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Collapsing lira, closed gas stations, protests: A complicated morning in Lebanon

Dozens of demonstrators gathered in front of the BDL headquarters in Beirut, called together by the Cry of the Depositors group.

Collapsing lira, closed gas stations, protests: A complicated morning in Lebanon

"Down with the thief," reads a sign with the image of Banque du Liban governor Riad Salameh, held up by a protester outside the central bank headquarters, Jan. 25, 2023 in Beirut. (Credit: Mohammed Yassin/L'Orient Today)

BEIRUT — Lebanon's lira appears to be in unhindered free-fall once again. As of 2 p.m. Wednesday afternoon, the national currency broke yet another record low, trading at around LL57,000 against the dollar on the parallel market.

In the street, discontent over the collapse has been fomenting for several days. Wednesday morning was no exception. Protesters staged demonstrations in the North and the Bekaa, while many gas stations closed for business, with lines of motorists stretching out in front of the few stations that remain open.

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Riad Salameh comes out of his silence to discuss exchange rate

According to the online platform Lirarate.com, the buying rate for the US dollar was LL57,000 2 p.m., and selling at LL56,800. 

Angry tuk-tuk drivers

In Akkar governorate, tuk-tuk drivers blocked part of the highway to protest against poor living conditions and high prices, L'Orient Today's correspondent in northern Lebanon reported. The army intervened and reopened the blocked roads.

Tuk-tuk drivers blocking roads in Akkar against deteriorating living conditions in Lebanon, Jan. 25, 2023. (Courtesy of Michel Hallak/L'Orient Today)

Protesters also blocked the Bedawi highway between Tripoli and Minyeh, also in the North, with truckers using their vehicles to close the road. The police intervened as well.

In Baalbeck in the Bekaa, bus drivers blocked the road near an entrance to the city, according to L'Orient Today's correspondent in the area.

Stations closed

To make matters worse, many gas stations have shut down for the day, faced with the volatility of the lira, hours before the Ministry of Energy released new fuel prices with a sharp increase.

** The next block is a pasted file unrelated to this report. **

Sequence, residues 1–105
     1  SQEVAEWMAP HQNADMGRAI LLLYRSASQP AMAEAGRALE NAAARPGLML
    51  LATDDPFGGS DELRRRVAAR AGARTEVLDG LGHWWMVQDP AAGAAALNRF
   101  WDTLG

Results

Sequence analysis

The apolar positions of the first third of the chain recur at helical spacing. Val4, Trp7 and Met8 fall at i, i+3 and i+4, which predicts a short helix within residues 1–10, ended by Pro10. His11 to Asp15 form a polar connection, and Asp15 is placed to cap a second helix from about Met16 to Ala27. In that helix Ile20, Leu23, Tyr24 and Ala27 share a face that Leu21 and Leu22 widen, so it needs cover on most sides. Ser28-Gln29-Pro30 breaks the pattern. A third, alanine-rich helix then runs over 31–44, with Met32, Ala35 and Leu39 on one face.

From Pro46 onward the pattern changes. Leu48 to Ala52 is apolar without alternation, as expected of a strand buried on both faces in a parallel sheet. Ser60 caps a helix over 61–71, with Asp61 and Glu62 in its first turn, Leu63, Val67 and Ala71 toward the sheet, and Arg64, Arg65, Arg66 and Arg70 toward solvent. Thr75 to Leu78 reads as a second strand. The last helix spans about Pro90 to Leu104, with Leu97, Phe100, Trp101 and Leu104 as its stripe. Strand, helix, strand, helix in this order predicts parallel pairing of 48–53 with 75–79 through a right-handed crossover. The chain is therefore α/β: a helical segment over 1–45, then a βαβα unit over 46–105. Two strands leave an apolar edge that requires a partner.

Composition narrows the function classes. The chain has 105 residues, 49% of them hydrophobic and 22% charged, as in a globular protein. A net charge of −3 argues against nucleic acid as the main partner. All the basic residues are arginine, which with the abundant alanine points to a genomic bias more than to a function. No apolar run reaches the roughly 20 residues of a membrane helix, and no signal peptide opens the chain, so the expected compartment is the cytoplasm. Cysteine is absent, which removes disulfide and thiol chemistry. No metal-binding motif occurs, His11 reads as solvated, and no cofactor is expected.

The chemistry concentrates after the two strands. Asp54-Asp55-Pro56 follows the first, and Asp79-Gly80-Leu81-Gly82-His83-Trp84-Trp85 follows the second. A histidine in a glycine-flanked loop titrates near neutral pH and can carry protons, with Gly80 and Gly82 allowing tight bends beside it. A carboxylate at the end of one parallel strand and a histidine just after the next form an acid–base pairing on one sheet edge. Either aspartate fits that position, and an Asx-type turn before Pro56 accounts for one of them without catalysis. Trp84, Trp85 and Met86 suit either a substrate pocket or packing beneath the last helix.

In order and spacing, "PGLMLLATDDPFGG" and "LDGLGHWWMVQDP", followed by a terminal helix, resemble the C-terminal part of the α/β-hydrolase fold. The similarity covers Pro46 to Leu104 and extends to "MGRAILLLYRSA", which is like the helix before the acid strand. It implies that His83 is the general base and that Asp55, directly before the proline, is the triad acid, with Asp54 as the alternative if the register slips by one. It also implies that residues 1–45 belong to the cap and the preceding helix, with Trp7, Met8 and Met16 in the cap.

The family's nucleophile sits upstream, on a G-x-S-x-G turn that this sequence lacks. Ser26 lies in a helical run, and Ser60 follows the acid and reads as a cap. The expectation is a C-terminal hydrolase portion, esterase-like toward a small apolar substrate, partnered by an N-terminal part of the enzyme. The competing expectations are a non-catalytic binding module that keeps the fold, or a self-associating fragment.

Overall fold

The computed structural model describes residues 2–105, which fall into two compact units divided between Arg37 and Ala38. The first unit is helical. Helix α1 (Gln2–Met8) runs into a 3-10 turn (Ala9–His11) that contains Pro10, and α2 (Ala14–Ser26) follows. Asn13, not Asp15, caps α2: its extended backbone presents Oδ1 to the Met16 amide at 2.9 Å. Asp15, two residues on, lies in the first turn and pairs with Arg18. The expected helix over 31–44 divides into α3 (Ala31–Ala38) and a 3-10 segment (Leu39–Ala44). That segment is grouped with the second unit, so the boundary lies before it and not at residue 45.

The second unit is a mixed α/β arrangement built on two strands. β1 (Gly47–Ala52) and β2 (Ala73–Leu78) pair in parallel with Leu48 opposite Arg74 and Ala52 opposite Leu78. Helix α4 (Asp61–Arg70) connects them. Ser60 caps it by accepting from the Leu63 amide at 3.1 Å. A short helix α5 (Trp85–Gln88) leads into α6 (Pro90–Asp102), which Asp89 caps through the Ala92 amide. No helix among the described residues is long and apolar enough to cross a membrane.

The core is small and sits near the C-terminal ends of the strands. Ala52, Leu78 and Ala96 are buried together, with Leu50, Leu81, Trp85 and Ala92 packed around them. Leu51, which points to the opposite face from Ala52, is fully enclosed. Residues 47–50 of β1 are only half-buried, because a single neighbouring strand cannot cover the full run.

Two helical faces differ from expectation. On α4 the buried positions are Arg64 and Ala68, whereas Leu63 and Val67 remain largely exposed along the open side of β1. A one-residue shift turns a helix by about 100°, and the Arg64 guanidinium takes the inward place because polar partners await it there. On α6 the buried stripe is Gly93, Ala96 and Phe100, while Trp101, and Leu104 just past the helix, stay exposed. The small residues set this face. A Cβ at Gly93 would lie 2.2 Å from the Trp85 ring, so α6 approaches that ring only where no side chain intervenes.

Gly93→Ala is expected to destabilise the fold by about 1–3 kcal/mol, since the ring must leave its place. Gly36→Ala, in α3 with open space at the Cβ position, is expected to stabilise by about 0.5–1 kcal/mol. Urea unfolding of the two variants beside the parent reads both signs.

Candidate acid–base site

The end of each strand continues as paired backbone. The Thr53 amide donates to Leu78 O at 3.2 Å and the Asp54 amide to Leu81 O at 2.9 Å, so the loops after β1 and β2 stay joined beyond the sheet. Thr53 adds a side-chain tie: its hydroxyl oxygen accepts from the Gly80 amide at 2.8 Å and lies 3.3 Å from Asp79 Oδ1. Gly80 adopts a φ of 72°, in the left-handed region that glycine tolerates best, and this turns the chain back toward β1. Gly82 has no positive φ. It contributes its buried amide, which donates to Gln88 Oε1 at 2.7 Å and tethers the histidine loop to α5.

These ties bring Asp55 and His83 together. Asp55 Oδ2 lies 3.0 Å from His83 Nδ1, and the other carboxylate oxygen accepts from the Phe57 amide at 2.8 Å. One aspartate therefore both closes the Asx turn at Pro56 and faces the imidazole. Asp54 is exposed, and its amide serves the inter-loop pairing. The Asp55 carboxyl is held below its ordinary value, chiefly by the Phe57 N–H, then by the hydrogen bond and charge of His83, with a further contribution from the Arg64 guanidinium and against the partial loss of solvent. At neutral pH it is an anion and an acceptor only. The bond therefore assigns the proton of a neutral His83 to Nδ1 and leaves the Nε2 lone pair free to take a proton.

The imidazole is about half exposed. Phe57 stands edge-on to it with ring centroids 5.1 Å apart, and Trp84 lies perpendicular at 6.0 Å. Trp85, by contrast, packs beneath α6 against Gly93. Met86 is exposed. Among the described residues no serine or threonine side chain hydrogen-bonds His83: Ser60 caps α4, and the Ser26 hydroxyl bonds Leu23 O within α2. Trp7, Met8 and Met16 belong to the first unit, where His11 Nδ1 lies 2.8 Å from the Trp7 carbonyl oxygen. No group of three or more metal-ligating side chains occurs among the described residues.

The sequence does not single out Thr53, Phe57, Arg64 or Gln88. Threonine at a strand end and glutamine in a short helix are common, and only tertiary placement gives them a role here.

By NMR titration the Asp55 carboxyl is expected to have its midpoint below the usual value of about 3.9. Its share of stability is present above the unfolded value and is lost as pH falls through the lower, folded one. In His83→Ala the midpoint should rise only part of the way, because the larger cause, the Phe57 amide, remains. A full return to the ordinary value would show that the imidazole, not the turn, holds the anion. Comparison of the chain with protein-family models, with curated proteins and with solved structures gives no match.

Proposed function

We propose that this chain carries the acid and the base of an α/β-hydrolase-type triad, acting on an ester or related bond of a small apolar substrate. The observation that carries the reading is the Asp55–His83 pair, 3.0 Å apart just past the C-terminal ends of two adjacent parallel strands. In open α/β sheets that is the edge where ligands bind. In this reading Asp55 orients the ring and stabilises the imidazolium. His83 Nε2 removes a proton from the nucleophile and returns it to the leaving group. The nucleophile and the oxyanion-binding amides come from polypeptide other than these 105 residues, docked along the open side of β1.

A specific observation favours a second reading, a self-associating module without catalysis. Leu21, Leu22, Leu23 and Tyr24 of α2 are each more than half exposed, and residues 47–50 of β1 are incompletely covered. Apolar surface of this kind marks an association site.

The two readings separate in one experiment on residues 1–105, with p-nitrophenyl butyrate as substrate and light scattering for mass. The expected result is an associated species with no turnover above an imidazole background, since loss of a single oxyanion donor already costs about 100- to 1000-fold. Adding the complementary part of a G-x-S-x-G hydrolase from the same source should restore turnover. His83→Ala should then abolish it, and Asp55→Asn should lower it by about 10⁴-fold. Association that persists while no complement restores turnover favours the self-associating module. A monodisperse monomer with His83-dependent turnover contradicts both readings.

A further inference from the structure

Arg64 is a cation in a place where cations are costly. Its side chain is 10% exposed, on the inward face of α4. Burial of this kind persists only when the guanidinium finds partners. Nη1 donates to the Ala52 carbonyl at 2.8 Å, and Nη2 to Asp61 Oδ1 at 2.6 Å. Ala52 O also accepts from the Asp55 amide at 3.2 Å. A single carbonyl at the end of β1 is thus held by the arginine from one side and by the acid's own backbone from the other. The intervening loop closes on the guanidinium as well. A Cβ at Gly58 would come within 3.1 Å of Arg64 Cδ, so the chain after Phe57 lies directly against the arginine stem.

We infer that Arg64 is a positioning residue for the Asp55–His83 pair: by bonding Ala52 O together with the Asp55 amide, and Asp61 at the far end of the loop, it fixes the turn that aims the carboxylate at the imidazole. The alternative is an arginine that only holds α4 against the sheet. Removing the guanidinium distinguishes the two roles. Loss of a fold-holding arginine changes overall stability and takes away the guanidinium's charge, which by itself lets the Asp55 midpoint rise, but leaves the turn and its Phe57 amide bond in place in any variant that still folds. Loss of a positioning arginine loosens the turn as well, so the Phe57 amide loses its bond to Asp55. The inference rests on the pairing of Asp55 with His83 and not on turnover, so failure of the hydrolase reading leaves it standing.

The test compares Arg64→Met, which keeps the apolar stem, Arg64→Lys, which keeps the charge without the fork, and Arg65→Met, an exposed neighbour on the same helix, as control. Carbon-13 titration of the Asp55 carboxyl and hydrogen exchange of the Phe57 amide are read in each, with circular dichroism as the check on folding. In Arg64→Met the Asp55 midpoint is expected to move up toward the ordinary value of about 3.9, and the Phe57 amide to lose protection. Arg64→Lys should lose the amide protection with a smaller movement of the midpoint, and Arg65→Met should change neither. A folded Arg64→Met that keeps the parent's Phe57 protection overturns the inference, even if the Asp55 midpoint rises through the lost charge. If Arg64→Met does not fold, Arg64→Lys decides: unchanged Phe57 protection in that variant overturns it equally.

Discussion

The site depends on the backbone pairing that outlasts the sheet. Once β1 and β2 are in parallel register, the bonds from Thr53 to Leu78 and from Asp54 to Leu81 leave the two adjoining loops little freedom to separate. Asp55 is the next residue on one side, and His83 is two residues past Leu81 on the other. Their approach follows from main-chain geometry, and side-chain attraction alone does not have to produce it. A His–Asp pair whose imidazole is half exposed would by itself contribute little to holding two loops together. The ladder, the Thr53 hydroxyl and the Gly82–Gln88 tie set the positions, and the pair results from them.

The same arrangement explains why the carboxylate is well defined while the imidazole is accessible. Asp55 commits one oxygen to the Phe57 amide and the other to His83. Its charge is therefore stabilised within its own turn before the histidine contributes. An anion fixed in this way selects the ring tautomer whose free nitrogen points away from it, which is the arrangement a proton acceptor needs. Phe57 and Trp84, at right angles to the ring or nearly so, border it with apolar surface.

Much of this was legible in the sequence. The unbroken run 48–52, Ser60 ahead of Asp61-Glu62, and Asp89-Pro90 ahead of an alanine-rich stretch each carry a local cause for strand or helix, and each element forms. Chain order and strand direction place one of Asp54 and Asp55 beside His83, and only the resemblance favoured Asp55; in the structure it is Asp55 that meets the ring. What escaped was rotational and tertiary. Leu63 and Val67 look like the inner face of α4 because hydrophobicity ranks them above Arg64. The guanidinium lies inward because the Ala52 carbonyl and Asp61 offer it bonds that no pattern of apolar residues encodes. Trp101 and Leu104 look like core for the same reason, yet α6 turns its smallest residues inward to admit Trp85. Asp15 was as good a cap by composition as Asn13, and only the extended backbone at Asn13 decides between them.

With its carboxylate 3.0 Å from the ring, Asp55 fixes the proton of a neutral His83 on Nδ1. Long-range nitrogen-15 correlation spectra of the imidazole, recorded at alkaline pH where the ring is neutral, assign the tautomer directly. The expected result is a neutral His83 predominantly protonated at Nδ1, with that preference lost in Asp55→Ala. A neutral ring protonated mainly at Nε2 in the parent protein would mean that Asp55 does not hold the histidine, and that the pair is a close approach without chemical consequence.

In Akkar, L'Orient Today's correspondent reported that "many gas stations have closed their doors" in the morning due to the uncertainty. Fuel was available "in most of these stations," he said, but was not being sold to motorists. 

A closed gas station in Akkar, Jan. 25, 2023. (Courtesy of Michel Hallak/L'Orient Today)

In Saida, South Lebanon, lines of cars have formed in front of gas stations "waiting for the price scale," according to our correspondent. The images hearken back to the summer of 2021, marked by long queues that stretched for hours.

Motorists queue in front of a gas station in Saida, Jan. 25, 2023. (Courtesy of Muntasser Abdallh/L'Orient Today)

Around 10 a.m., the state-run National News Agency published a new fuel price list to its website, before deleting it without explanation. Speaking to the LBCI channel, a source within the Energy Ministry had denied the publication of a new scale. The NNA fuel price list had reported a much steeper increase than the official one posted by the Energy Ministry at around noon.

Most gas stations reopened after publication of the new fuel price list.

Demonstration in front of BDL

In Beirut, a few dozen demonstrators gathered in front of the Banque du Liban headquarters. They had been called there by the Cry of the Depositors collective, which regularly denounces the central bank's policies and the illegal restrictions imposed by private banks since 2019. 

Demonstrators in front of the Banque du Liban headquarters on Jan. 25, 2023 in Beirut. (Credit: Mohammed Yassin/L'Orient Today)

In more than three years of economic crisis in Lebanon, the national currency has lost more than 97 percent of its value. Meanwhile, Lebanese authorities continue to stall in adopting the reforms necessary to stem the country's economic and financial collapse.

Additional reporting by Mohammed Yassin, Sarah Abdallah, Michel Hallak and Muntasser Abdallah. 


BEIRUT — Lebanon's lira appears to be in unhindered free-fall once again. As of 2 p.m. Wednesday afternoon, the national currency broke yet another record low, trading at around LL57,000 against the dollar on the parallel market.In the street, discontent over the collapse has been fomenting for several days. Wednesday morning was no exception. Protesters staged demonstrations in the North and...